Review | “The Miraculous Journey of Edward Tulane” at Filament Theatre

Review | “The Miraculous Journey of Edward Tulane” at Filament Theatre

Pictured: Mariah Copeland. Photo by Christian Libonati.

By Toniak Todorova

There is another magical happening at Filament Theatre this spring with their adaptation of THE MIRACULOUS JOURNEY OF EDWARD TULANE. A timeless tale made for the young who haven’t learned yet and the old who seemed to have forgotten: love and being loved is the most powerful drive; love is the only answer.

The uniqueness of the type of children’s theatre that Filament brings to the stage lies in their Mr. Rogers approach. They don’t employ over the top energy and bells and whistles to entertain our young but instead rely on slowing down time to connect and tap into the infinite imagination that kids have- a skill we often forget that we, ourselves, used to possess. This process allows this theatre company to reach the heart in an authentic way, often washing you over with goosebumps and feel goods. This production is no exception. Without any feigned sadness, it tackles plenty of heavy subjects such as loneliness, hardship, even death—plenty of the suffering we usually try to shield our children from, consequently not preparing them for what they ultimately have to experience. Filament has taken on the responsibility to gently usher our children into understanding the world as it is and that beauty can exist even in the most dreadful of times.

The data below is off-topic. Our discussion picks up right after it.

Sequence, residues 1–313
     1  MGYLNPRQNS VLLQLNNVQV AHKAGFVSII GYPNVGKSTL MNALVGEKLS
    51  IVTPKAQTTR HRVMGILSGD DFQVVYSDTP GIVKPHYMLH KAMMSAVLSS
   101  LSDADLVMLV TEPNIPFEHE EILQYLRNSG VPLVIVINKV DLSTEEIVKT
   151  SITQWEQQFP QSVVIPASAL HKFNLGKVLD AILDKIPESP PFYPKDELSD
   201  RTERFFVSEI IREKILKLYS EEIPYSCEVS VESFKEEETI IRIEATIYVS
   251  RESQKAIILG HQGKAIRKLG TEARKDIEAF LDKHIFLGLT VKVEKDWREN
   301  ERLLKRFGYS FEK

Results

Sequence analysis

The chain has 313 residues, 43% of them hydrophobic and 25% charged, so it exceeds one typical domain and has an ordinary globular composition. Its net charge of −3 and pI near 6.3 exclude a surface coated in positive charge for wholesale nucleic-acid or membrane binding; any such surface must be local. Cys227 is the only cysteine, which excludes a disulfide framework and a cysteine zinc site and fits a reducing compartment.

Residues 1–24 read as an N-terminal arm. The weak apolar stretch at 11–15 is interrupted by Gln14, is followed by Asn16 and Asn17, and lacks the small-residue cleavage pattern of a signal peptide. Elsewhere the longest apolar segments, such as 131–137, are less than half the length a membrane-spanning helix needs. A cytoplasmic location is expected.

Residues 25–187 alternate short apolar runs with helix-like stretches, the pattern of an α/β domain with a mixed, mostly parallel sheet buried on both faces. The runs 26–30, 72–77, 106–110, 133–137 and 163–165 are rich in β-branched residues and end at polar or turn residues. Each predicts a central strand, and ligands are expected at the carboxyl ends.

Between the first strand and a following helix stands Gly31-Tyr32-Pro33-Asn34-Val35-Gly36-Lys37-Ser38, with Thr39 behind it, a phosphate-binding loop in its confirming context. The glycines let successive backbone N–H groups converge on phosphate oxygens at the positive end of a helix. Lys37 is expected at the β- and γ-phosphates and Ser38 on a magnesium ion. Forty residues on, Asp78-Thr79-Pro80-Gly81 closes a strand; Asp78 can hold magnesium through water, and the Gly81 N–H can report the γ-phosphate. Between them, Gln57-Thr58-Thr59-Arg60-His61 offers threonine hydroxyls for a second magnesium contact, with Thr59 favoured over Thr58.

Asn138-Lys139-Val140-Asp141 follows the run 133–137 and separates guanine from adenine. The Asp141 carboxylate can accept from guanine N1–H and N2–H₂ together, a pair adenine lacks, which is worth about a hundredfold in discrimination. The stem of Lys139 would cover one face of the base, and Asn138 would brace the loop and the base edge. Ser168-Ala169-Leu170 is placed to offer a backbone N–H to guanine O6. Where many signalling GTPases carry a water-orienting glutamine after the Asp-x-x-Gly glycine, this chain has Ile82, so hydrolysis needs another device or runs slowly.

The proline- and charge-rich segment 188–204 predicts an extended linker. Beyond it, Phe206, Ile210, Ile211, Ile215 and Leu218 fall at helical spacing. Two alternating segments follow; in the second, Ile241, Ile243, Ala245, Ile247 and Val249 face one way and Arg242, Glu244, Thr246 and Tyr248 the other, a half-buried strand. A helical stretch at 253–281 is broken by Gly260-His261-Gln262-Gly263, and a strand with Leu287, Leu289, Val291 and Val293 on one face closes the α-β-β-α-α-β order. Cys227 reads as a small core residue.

It certainly doesn’t hurt to cast performers who bring the genuine to the table. Juanita Andersen, Mariah Copeland and Alejandro Tey seamlessly weave in and out of several characters, each with its own physical, vocal and emotional attribute and Nik Kmiecik delivers a gentle personality to Edward Tulane, the one of a kind rabbit doll. Even more kudos to these performers as they kept their cool and their spirits up during what felt like a very frustrating three-quarters of the play overshadowed by a child who was too young to appreciate the depth of the story and couldn’t avoid talking rather loudly or roam about. Perhaps, the first twenty minutes feel a bit more expository and less active as we are introduced to the story, but once the breeze of the blue waves hits our faces, the action takes hold and doesn’t let go—not through the bottom of the ocean floor and not through a fisherman’s village, not in a garbage heap and not while riding in a box car, not in the hands of a dying child and definitely not while staring at the starry constellations where millions of dreamers have found respite.

THE MIRACULOUS JOURNEY OF EDWARD TULANE leaves you with a full heart and plenty to ponder. Overarching themes such as love and sense of purpose come alive in a simple coming of age tale of a doll rabbit, but perhaps the sentiment that resonates the loudest is better described by the words of Mr. Rogers, himself: “If you could only sense how important you are to the lives of those you meet; how important you can be to the people you may never dream of. There is something of yourself you leave at every meeting with another person.”

Just like there is something this story leaves with every child (and adult) that sees it.

“The Miraculous Journey of Edward Tulane” runs through May 30. For more information visit

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